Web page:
Reilly’s autism

When I started this blog I jumped straight into Reilly’s autism without really explaining what autism is so I thought a little section on what how I interpret Reilly’s autism.  Like I say i’m no expert i’m just a busy Mam treading water in the autism ocean at the minute.  I have been on a course though, imagine having to attend a course to learn about your own child!


The definition of Autism Spectrum Disorder


  1. (psychiatry) any disorder within the spectrum of autism, such as Asperger’s syndrome, characterized by impairment in communication, social interaction, and flexibility of thinking and behaviour ASD.


Still none the wiser? You’re not alone so i’ve included some examples of what they might mean.



As i said in my very first blog I knew Reilly had autism from a very young age and Reilly demonstrates all of the signs on the poster below on a daily basis and has done for a good few years.

Source: halcyon foundation


  • There isn’t a shopping trip yet that hasn’t resulted in Reilly lining things up or putting items in the correct place on shelves.  They obviously love us in Fenwick’s toy department.      11754493_10152829844971557_804570349638556636_o
  • He doesn’t play with friends. He’s usually not interested in other children.
  • He bursts into fits of giggles at absolutely nothing.
  • He has more energy than a red bull factory.
  •  He is oversensitive to many things, all of the senses in fact.
    • He cannot bare some items of clothing resulting in an awful lot of nakedness.
    • He loves cold water and would sit in a bath of cold water for ages if we let him.
    • He has the blandest diet and only eats really beige sometimes with a hint of orange food.
    • He can smell a kinder egg at 100 metres.
    • Some noises actually hurt him.  An a autistic adult who now lectures told us when he sees a number 4 he smells petrol!
  • He has no speech.
  • Changes to his routine like this morning where he had to go back to school after 2 weeks holiday is an absolute nightmare.I cried like a baby this morning for this first time in an age.  Unable to get him into his transport screaming, kicking, pulling hair etc but we got there eventually.
    • He doesn’t like to drive down roads he’s unfamiliar with.
    • He doesn’t like it when manufacturers change their packaging.
    • You can watch the National Autistic Society’s  Autism sensory video to get a greater understanding of how the senses are overwhelmed.
  • And the most terrifying of all is his lack of awareness of danger.
    • We keep our doors locked at all times but if on the off chance he gets his hands on a key he can open the door and will just run, sometimes into a neighbours house; sometimes he’ll  just keep running with no regard for cars and roads.
    • If he can get a toe on something he will climb it regardless of height.
    • We need eyes in the back of our heads 24/7.

So its complicated.  No two people are the same so a minefield to navigate.  I must admit I thought that children with autism never gave eye contact, didn’t want to be held and all had a gift, a savant skill. I know now this isn’t always the case.  Reilly loves to cuddle and kiss me.  Reilly’s ‘skills’ are being able to mix four jigsaws together then assemble them with no pictures for guidance and having the looks of a demi-god, he’s brilliant.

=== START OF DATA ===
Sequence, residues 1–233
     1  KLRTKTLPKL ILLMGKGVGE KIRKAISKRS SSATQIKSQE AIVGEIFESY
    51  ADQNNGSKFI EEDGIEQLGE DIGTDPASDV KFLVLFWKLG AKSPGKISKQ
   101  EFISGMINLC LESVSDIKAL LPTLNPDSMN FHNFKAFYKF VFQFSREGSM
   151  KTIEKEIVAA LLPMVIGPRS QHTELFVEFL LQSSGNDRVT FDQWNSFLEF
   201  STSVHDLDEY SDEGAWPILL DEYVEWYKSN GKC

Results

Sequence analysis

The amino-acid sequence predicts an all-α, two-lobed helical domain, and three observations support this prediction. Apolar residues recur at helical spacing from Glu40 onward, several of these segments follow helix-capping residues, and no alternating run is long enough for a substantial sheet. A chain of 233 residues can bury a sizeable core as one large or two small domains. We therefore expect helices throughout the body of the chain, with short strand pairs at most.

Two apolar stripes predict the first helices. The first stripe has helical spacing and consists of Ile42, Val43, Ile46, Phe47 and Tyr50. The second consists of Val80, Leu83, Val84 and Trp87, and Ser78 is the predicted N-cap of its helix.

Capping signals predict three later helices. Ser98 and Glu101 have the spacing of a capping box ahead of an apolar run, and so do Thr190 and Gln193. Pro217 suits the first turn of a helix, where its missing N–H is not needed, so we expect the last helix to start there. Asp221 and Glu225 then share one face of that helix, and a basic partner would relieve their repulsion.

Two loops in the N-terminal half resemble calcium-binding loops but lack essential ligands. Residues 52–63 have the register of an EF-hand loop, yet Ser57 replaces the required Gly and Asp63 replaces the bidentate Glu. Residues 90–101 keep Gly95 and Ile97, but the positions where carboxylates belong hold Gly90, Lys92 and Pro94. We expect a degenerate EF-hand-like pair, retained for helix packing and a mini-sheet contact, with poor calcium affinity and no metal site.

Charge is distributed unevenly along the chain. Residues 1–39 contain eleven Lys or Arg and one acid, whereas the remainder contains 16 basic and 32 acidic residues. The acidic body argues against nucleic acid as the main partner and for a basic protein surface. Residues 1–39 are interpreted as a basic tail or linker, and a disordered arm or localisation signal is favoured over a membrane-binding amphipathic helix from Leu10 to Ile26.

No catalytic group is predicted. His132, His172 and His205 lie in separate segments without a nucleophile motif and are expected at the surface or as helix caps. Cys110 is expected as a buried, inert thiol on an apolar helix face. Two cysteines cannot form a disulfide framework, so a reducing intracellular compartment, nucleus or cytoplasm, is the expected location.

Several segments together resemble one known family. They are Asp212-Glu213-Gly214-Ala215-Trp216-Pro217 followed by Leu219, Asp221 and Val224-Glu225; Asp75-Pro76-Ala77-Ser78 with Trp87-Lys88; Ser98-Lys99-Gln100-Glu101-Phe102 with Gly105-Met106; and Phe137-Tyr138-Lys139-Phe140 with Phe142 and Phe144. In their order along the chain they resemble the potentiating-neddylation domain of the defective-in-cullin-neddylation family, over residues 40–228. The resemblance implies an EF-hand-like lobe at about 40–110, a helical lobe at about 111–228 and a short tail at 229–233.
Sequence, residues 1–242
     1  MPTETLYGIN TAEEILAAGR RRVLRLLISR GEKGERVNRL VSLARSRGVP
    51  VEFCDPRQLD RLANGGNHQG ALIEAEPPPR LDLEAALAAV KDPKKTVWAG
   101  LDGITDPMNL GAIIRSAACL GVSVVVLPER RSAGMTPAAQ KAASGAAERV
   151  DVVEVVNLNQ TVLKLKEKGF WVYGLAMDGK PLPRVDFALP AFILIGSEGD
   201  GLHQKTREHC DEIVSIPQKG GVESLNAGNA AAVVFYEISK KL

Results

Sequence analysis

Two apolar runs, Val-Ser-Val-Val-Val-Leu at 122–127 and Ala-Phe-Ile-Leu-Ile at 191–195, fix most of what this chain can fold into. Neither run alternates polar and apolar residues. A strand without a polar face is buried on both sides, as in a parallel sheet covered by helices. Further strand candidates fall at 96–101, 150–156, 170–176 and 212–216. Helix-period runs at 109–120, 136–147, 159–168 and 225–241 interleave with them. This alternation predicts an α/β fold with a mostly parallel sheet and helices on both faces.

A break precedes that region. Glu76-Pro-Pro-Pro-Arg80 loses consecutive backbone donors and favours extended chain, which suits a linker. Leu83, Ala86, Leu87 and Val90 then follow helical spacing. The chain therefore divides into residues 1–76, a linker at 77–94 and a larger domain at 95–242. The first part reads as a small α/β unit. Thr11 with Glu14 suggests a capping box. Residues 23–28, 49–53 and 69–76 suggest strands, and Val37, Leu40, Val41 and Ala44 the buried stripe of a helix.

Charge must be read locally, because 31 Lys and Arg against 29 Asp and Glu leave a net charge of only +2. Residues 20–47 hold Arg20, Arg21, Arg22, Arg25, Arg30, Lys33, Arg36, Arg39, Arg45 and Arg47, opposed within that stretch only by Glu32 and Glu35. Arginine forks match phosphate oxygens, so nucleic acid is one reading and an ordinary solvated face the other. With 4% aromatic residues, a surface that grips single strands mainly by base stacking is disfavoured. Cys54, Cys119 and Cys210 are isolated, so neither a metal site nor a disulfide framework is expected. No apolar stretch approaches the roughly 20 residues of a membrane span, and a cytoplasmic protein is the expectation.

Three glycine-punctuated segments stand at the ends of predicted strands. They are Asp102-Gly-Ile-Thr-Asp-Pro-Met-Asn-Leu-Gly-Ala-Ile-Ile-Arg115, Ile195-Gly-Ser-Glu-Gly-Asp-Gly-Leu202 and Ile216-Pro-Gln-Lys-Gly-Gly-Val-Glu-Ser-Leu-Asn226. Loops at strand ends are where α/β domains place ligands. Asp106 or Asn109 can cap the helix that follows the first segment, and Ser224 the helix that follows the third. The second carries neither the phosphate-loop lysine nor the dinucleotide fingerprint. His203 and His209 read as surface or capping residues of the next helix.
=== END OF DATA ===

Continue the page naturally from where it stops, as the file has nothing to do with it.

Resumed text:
But autism does affect how Reilly makes sense of the world around him.  Life for him can be frightening, overwhelming, confusing. It can cause him horrendous anxiety but it can also be intriguing and fabulous in the right situations when we get into Reilly’s world and not try and drag him into ours.

Nobody knows what causes autism, environment? genetics? who knows.   There is no cure but there are methods of help like learning and development techniques, which is why we attend courses to learn a little more about these special, unique cherubs and guide them best we can.

A little bit of awareness and acceptance will go a long way to make his journey a bit smoother.  Be kind to those struggling a little acknowledgement in the form of a nod or a smile goes a long way mid meltdown for tired parents and overwhelmed kids.







Published by

Christine Stephenson

Really busy mam who runs her own charity, has 3 sons and learning about autism every day. Contact me at

4 thoughts on “Reilly’s autism

  1. ah thank you for that post Christine i can sure relate to these as a Parent and i will say as a child myself. Wouldn’t think it ??. the cold water the clothes the climbing lack of incite to danger THE UNCONTROLLABLE LAUGHTER. .All i can say you are run of your feet but love every moment of it i hope. you have a lovely little lad there who is so special in his unique way. AND WE HERE, ALL SAY SO PHOTOGENIC! very bright by all accounts from what i have read,. It is amazing how Autism is in many forms and some time as we grow there is coping strategies that is learnt to progress these are needed. So please everyone be kind as you never know what coping strategies are there hiding some one on the AUTISTIC SPECTRUM. Would you know Christine what the ratio for people on the Spectrum is ??

    Liked by 1 person

  2. I love catching up on these posts whenever I have a second. It’s like being right back next door! Have your new neighbours had a visit yet! 😉


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